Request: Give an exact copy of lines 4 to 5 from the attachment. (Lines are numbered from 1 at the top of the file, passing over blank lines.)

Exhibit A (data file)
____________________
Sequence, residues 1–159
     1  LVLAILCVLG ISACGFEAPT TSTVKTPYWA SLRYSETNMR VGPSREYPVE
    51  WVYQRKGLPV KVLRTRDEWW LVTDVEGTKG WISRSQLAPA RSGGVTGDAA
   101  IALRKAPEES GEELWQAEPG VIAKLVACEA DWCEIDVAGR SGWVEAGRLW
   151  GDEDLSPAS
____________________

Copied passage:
   101  IALRKAPEES GEELWQAEPG VIAKLVACEA DWCEIDVAGR SGWVEAGRLW
   151  GDEDLSPAS